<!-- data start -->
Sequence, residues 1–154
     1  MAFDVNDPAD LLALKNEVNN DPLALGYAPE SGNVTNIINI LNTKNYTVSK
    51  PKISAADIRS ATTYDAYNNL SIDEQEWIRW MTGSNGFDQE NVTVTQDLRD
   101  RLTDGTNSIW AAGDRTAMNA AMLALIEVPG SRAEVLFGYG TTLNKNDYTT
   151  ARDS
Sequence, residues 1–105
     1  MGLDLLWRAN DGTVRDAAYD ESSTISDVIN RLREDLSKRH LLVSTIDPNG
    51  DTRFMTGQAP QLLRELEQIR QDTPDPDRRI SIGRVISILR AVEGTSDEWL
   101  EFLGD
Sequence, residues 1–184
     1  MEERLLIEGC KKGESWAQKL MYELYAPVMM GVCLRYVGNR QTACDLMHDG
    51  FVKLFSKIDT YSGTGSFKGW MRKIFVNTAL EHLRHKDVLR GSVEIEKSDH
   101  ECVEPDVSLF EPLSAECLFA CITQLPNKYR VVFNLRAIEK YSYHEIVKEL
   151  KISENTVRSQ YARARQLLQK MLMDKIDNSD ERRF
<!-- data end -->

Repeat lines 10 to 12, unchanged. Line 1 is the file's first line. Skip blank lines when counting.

Sequence, residues 1–184
     1  MEERLLIEGC KKGESWAQKL MYELYAPVMM GVCLRYVGNR QTACDLMHDG
    51  FVKLFSKIDT YSGTGSFKGW MRKIFVNTAL EHLRHKDVLR GSVEIEKSDH